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 Post subject: Re: Argument from Motion
PostPosted: Fri Apr 27, 2012 8:06 pm 
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Malleus Haereticorum wrote:
Obi-Wan Kenobi wrote:
That some events (such as substantial change) are instantaneous does not mean that all events are instantaneous.

True.

Has anyone pointed out that such "events" are atemporal, at least as not being themselves tied to time? The accidental changes leading to substantial change are motions and hence temporal. Likewise, the words of the priest involve motion. But substantial change (and, I suppose, the transubstantial change in the Eucharist) are not motions and hence not measure nor constitutive of time.

They are "perfect acts". Likewise, angels can do things, they might be called events, but it is not measure by time.


As I have read more of Spitzer, I have grown more and more to dislike him. His dissertation is full of false dichotomies. He is very tied in with Lonergan, and I suspect via that Kantianism.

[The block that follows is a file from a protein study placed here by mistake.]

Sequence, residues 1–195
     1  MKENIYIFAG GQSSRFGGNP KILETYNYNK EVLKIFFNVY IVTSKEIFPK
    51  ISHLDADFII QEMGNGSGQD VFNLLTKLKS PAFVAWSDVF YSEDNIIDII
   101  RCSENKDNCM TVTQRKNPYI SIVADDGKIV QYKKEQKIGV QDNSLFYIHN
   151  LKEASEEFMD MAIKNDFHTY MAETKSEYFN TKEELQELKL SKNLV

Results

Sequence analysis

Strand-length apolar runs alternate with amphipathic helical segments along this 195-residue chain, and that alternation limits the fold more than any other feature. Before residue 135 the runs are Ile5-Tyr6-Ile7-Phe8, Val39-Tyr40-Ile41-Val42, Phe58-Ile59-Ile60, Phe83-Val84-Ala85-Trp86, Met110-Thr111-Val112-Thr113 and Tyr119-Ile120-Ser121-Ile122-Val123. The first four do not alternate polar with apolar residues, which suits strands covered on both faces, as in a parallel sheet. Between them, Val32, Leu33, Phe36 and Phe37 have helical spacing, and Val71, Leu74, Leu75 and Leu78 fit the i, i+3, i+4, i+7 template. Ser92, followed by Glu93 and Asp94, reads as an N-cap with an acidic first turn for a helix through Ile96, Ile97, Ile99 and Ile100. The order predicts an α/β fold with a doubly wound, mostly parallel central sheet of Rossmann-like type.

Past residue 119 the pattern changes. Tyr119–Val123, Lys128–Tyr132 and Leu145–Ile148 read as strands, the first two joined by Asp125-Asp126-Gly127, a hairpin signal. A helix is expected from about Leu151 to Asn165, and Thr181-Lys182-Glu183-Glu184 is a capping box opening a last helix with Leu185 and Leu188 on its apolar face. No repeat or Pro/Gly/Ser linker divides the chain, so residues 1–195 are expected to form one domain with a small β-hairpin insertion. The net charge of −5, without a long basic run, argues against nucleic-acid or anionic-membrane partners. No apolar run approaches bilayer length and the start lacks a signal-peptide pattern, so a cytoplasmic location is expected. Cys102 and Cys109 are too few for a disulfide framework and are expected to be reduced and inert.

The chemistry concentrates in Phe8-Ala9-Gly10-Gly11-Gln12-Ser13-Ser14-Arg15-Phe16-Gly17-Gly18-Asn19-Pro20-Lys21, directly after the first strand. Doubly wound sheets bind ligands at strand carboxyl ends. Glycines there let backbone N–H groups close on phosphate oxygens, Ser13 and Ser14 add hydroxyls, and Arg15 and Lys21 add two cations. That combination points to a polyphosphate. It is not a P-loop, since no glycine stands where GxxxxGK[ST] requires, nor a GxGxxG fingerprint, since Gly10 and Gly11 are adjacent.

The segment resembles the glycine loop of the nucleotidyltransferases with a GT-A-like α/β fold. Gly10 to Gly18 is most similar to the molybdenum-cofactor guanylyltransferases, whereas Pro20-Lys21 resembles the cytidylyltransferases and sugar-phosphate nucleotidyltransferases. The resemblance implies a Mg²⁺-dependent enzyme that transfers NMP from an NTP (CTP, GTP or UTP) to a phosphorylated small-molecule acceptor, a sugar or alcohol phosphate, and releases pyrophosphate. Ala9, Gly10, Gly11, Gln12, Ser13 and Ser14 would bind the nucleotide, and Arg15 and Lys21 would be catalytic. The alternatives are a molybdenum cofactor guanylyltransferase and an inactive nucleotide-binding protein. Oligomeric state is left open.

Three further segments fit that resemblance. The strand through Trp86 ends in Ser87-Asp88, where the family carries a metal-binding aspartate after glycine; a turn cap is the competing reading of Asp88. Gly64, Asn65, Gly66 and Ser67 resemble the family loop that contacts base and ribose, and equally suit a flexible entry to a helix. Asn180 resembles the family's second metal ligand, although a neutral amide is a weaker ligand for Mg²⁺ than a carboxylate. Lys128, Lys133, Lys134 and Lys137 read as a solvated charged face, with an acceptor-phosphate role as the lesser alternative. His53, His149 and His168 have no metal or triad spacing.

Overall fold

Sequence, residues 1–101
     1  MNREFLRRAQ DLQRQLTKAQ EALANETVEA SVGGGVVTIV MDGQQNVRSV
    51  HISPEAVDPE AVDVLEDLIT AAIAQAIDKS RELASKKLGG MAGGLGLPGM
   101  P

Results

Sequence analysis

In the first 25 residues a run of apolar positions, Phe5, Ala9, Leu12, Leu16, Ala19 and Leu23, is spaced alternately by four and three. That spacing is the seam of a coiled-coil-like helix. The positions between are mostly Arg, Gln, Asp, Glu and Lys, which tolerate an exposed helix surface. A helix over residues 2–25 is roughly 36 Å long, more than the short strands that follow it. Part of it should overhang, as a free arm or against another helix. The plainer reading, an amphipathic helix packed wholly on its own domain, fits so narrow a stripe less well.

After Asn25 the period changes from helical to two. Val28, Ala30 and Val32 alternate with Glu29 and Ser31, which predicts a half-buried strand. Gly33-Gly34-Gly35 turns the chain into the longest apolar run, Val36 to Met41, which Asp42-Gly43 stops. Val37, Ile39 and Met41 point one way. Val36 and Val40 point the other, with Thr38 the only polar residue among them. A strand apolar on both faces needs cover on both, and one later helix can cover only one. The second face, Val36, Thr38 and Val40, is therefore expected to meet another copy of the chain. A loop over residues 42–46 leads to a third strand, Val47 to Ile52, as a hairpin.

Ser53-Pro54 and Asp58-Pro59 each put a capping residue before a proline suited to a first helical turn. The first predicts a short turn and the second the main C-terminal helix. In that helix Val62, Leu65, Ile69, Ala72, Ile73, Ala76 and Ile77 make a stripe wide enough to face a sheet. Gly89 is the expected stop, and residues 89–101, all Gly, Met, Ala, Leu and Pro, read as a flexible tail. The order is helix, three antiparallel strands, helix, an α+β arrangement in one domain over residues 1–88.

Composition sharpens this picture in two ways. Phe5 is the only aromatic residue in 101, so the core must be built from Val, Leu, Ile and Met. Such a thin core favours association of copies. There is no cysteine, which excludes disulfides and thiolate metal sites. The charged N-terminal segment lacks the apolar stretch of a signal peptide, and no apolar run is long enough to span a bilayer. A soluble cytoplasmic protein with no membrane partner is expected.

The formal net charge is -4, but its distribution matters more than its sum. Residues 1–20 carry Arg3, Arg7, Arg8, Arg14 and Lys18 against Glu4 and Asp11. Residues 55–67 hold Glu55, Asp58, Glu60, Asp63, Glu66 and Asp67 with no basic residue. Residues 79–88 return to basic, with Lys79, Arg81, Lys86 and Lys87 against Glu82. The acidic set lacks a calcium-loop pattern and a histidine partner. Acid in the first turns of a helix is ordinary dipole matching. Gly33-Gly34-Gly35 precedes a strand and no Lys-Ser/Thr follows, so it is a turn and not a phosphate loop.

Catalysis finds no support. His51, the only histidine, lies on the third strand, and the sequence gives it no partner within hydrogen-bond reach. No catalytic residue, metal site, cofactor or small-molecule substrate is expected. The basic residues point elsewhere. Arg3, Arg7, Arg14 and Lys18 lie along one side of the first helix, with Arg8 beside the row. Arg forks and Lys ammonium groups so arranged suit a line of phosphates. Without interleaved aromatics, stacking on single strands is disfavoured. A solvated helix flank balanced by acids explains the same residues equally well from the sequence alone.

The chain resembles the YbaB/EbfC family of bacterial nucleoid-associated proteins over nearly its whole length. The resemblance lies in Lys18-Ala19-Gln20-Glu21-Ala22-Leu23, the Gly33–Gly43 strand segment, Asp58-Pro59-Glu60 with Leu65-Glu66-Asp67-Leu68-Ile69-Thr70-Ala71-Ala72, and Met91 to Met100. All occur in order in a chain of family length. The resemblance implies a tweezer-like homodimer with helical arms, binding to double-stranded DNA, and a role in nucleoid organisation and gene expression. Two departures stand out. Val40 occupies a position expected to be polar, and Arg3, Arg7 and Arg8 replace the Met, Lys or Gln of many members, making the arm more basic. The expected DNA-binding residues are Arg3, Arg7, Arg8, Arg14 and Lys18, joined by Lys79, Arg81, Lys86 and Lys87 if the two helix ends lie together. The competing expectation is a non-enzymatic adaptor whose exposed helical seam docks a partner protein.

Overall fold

pax is presenting some of the same dichotomy, and may I add begging the question. If you assume time is some existent thing, then you get into questions of there being separation of events, etc. But if it isn't existent in that way, if rather it exists as the measure of motion according to before and after, then time is not like an old film, it is continious. It is founded upon motion

Time is not made up of contiguous moments that need some separator (if time were composed that way, well we would have major problems). Rather, reality includes change, and changes that are motion make for time. The past does not exist, nor the future, but only the now and that has no "extension" It is "ever vanishing" Time is not some fabric of the universe presupposed by motion, time rather presupposes motion.